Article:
Fight over Cuba trade bill has many twists and turns


Monday, October 2nd 2000, 12:00 am
By: News On 6


WASHINGTON – A congressional fight over easing the embargo against Cuba enters the final round this week, and the judges outside the ring so far expect symbolism to outscore substance.


If this fight goes to a decision – and given the difficulties facing Congress with spending bills that include this issue and myriad others, it may not – American farmers will gain the right to sell to Cuba without the financial tools needed for any actual sales.


House Republicans agreed last week to legislation ending food sanctions against Cuba, Iran, Sudan, Libya and North Korea.


They must now work out differences with the Senate over a farm spending bill containing the sanctions language.


Cuba remains a highly flammable topic, however, and the legislation tightens conditions of the embargo at the same time it eases food sales.


The pressure for change came most successfully from farmers and Republican members of Congress from farm areas.


Rep. George Nethercutt, R-Wash., chief sponsor of the House legislation, played up the end of sanctions on food sales to Iran.


But it is Cuba's appetite for $1 billion a year in food imports that raised the highest expectations of quick sales by U.S. farmers.


The bill's restrictions on finance and insurance make it unlikely that U.S. farmers will sell anything close to that amount, however.


"This may be a step forward, but it's several steps less than what's needed," said Tom Buis, vice president for government relations with the National Farmers Union. "We're very disappointed, very disappointed."


Added restrictions


A symbolic easing of the embargo is more than what Cuba's strongest critics want, however.


They lost decisively when the issue came to the floor of both the House and the Senate, but they were able to insert financial restrictions with the help of the House Republican leadership.


"We want to become more open on trade with Cuba, but do so in a responsible fashion," said House Majority Leader Dick Armey of Irving.


"We want to make sure that we restrict the government from subsidizing any [of Cuba's] imports," Mr. Armey continued, "but we want to open it up to food and medicine."


Dr. Paula Stern, a former U.S. trade representative, estimates that ending the embargo on food sales could lead to U.S. exports of $400 million.


If export credits and U.S. financing are denied, however, Dr. Stern's research suggests that sales would come to less than a fifth of that amount.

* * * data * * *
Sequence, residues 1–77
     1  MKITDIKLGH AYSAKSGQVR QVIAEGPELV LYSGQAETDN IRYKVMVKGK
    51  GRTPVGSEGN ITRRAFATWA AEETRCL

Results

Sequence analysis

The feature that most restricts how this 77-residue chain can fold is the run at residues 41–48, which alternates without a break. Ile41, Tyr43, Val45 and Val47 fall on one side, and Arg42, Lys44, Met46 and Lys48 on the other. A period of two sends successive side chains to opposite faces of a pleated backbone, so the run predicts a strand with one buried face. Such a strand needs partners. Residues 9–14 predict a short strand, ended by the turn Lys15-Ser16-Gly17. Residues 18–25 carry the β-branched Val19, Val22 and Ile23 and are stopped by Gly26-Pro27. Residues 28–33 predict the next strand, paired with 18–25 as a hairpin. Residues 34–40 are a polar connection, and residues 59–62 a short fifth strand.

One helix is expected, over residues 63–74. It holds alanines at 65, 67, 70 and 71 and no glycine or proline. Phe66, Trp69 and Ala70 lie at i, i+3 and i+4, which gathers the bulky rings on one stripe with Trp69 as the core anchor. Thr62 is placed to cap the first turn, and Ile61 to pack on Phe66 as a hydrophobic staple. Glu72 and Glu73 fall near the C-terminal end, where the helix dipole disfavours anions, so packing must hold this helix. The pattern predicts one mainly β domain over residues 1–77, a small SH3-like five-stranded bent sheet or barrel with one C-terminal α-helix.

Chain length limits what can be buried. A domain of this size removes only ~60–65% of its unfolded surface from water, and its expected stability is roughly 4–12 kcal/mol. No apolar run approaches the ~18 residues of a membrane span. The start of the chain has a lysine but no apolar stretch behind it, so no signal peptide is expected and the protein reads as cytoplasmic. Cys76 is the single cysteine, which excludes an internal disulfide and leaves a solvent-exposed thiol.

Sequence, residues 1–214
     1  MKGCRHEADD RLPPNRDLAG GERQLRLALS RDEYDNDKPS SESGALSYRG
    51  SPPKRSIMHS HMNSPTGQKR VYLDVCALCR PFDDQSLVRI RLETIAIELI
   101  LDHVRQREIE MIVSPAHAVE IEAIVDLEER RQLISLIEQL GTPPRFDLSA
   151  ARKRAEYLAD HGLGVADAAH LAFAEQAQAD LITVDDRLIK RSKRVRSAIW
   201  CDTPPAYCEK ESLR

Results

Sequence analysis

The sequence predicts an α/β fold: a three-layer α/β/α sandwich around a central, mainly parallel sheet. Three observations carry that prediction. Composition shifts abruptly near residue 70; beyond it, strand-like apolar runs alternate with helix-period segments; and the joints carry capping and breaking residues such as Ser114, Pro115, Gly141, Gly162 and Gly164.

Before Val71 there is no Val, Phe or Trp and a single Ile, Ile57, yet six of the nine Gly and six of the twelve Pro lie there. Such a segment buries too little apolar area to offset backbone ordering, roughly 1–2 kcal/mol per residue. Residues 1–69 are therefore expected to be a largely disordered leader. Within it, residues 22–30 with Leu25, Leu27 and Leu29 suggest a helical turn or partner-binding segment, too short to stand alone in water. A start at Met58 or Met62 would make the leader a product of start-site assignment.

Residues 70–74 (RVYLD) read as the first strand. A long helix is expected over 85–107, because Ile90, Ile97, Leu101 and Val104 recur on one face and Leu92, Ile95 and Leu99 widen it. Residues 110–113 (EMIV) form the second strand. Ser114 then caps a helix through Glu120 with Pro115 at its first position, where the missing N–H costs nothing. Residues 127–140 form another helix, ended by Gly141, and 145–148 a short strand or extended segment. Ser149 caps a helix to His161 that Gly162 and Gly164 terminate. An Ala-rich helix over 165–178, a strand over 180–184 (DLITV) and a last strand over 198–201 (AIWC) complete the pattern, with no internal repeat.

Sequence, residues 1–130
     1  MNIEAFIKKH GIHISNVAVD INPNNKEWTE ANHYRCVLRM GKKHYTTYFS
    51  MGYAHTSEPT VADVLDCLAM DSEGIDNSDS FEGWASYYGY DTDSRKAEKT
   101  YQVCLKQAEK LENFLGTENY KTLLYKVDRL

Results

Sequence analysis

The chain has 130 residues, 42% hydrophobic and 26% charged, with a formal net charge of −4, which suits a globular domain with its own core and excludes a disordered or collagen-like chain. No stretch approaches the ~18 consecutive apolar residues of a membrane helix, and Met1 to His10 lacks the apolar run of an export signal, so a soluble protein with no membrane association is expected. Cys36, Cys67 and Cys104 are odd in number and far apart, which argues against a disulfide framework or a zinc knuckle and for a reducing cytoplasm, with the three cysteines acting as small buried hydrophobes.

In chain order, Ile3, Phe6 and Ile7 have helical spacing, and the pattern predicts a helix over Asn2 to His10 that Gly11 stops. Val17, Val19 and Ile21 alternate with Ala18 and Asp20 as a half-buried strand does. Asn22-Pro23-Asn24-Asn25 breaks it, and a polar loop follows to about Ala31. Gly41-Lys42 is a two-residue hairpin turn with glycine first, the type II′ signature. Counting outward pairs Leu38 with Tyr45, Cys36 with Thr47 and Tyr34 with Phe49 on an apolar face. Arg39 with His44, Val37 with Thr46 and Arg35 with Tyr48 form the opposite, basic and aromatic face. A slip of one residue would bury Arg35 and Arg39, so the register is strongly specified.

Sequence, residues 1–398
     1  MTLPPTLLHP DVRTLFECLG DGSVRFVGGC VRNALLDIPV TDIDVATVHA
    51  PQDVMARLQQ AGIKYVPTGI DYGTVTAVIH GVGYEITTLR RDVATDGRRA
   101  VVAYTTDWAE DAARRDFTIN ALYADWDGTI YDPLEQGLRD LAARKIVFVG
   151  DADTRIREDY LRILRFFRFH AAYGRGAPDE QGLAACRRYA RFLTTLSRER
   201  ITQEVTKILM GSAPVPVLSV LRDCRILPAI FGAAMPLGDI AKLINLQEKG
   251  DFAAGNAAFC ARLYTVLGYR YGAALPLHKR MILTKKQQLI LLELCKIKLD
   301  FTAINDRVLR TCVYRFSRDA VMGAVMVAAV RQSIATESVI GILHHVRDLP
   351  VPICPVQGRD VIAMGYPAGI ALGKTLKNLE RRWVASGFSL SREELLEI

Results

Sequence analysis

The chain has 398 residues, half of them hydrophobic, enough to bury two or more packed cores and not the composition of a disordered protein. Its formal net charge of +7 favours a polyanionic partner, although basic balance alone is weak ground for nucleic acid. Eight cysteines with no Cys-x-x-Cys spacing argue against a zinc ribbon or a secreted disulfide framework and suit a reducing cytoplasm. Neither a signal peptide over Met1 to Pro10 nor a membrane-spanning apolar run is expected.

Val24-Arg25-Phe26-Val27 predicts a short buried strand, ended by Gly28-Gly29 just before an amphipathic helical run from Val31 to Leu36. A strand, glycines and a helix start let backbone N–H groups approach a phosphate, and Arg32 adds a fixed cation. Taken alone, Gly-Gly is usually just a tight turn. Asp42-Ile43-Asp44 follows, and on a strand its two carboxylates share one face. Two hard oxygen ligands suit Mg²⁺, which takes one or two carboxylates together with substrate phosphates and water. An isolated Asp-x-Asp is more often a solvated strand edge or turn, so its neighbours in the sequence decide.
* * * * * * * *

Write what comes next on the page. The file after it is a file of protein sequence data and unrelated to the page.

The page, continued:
Risk of default


Opponents of easing the embargo say allowing financing and insurance would invite Cuban default and leave U.S. taxpayers funding Cuba's grocery bill.


This view got an airing recently before the U.S. International Trade Commission.


"We can almost certainly sell things to the Cubans if we're also going to pay for them," said Frank Gaffney, Jr., president of the Washington-based Center for Security Policy.


Cuba has a spotty record of paying creditors and prefers to trade goods rather than pay cash.


Cuba barters sugar to France for wheat and to New Zealand for powdered milk.


Cash vs. barter


Cuban leader Fidel Castro was forced to allow the U.S. dollar to take over as Cuba's unofficial currency after the Soviet Union collapsed and $8 billion in Soviet subsidies vanished.


But the $1.8 billion earned off tourism, now Cuba's biggest industry, doesn't go far enough to cover all of Cuba's import needs after foreign investors take their share.


And foreign investors would be wise to take their earnings in dollars, and in cash, warned Georgetown University lecturer Brian Latell.


"Make no mistake – Castro has an absolute antipathy to capitalism," said Mr. Latell, who was a senior intelligence official in the administrations of former Presidents Reagan and Bush.


"He has a deep enmity, fear and loathing of unrestrained enterprise in Cuba and of foreign investors who would encourage it. ... I would warn foreign investors, as long as Castro remains in office, to be very cautious."


John Kavulich II, president of the U.S.-Cuba Trade and Economic Council, said he doubts that Mr. Castro would default on loans used to pay for U.S. food imports.


"The political incentives to pay could be almost a guarantee for U.S. banks" if they were allowed to offer financing, he said.


"The last thing Cuba wants is a headline in The Dallas Morning News datelined out of Havana that says 'Cuba defaults on Texas rice contract.'"


Alternatives


If the House leadership's version of the bill goes through, Mr. Kavulich said, U.S. farmers might still find a way to sell if food processors decide to finance exports on their own.


Mr. Nethercutt, meanwhile, says he was able to insert language that would make it possible for foreign banks to finance U.S. food sales to Cuba.


Farm-state senators like Republican John Ashcroft of Missouri and Democrat Byron Dorgan of North Dakota have to decide this week whether these weaker export finance tools make it worthwhile to support the bills.


Mr. Dorgan earlier vowed that U.S. bank financing must be part of what's allowed by the legislation.


"Some senators are saying they'll take the House version in order to get something passed. Other senators are saying they'll stand firm and let the embargo stay the way it is," said Tom McArthur, Mr. Nethercutt's press spokesman.


"We'll find out [this] week who's right."